Back in the day, the Sennheiser MKH416 was king…
It kept every sound mixer feeling safe, not only because it was a great microphone, but also because it was extremely durable able to withstand even the harshest of environments. I knew sound mixers that had four MKH416‘s in their kit and nothing else.
All in all, we have many different manufacturers with an assortment of microphones that would tickle any sound mixer’s fancy. These manufacturers, like DPA, Sanken, Neumann, and Scheops are also scattered around inside of sound mixer’s kits all around the world. I would not be wrong to say there are people with all these in their kits, or select manufacturers if they are more happy with their sound…
Cut to 2019…
Now I look back in the past 10 years or so and believe there has been a huge gap in new microphones and technology. Which is why I am so excited the Deity Microphones is now on the playing field, and their Deity D3 Pro is a microphone that I believe should be in every Sound Mixer’s kit since the MKH416.
And then came the great Writer’s Strike of 2007 -2008.
It literally made me feel like Leo in the Wolf of Wall Street, since I had just gotten into the union literally the exact same year. It affected not only writers, but crew and even manufacturers. Simply put, it was a slow time for everyone, and none of these manufacturers are going to put crazy amounts of research and development into products during these incredibly slow times. Simply put, no one was really adding anything new to their kits for a while after the DPA 4017 and Scheops CMIT-5U craze.
As time progressed, we came into a new era of powering and in return, the birth of the V. Mic D3 Pro. This microphone is marketed for and meant for DSLR operators, but it takes my vote beginner sound engineers and professionals alike.
Let’s break down the V.Mic D3 Pro…
Inside the V. Mic D3 Pro lives a microprocessor that digitally shakes hands with the audio input it’s been plugged into.
The D3 Pro will work with a phone, tablet, DSLR, body pack transmitters; just about anything with a 3.5mm microphone jack.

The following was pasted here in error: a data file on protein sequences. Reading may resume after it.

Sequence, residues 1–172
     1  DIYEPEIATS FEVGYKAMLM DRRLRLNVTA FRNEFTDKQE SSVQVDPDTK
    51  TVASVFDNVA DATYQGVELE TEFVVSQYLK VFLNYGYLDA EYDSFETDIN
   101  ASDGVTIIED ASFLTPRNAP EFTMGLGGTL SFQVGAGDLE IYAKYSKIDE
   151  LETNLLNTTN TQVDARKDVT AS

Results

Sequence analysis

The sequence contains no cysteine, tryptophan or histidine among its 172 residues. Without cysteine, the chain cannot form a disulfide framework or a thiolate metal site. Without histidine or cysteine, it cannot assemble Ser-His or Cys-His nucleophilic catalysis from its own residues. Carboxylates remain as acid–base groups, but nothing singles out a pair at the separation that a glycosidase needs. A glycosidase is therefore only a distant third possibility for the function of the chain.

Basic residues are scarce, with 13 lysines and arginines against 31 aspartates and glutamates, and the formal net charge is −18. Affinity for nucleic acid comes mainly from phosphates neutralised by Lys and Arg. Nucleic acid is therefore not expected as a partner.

When plugged into devices that have a stereo microphone input, the V. Mic D3 Pro outputs dual mono tracks.
The World’s Only Microphone with a Stepless Gain Knob
The V-Mic D3 Pro features a +20dB step-less analog gain adjustment dial. On each side of the dial the V-Mic D3 Pro features a bump guard that helps prevent the dial from being accidentally rotated. The +20dB of gain is added on a linear scale so you can dial in the exact amount of gain you need for the shot.
Inside the V-Mic D3 Pro lives a 320mAh Lithium Ion battery. Run time for the V-Mic D3 Pro is 51 hours and a standby time of 74hrs. The battery is charged in a little less than 2 hrs.
On-Board Low Cut Filters
The V-Mic D3 Pro features two levels of low cut: 75hz and 150hz.
Instead of a switch that is sunken into the frame that’s hard to toggle, the D3 Pro does it all with a single button on top of the unit.
With two levels of low cut the V-Mic D3 Pro is ready for even the windiest day.
Here is an example of the D3 Pro overhead, with 75Hz Roll Off. You can listen to this and more examples of the D3 Pro in the Video Mantis Vault.
Listen to more examples of the V-Mic D3 Pro in the Video Mantis Vault
These are great microphones to have in your kit.
Why? Simple. Let’s break it down.
If you are a student…
You simply cannot get a microphone with better rejection that will bring your sound to the next level. The Deity V. Mic D3 Pro microphone sounds better than microphones that are twice its price. They are small, lightweight, easy to operate. It comes with a basic shock mount and windscreen for indoor light boom work.
If you are a DSLR operator…
Anytime an operator picks up a camera, at most it should have a V. Mic D3 Pro on top of it. It just helps to grab audio better than any of the other alternatives. Other choices for DSLR work (like the Sennheiser MKE300 or Rode VideoMic) leave your audio sounding thin or farther away…
If you are a professional…
Simply put, I get a lot of razz on this site depending on what I review. When people heard that I was reviewing the V. Mic D3 Pro, they gave me weird looks from a distance. They simply cannot understand why a sub $500 microphone could be recommended to such a wide user base.
It is more versatile than any microphone you have ever used. Add on the DXLR Adapter and this microphone makes an ENG Sound Mixer look like a top notch pro. Pull this microphone out of your kit for any “extra B-Roll cameras” or whatnot. You will show your clients more comfort and confidence in your ability when having solutions for every camera.
A microphone should be versatile. Its ability to create an accurate representation of the sound in the location is most important.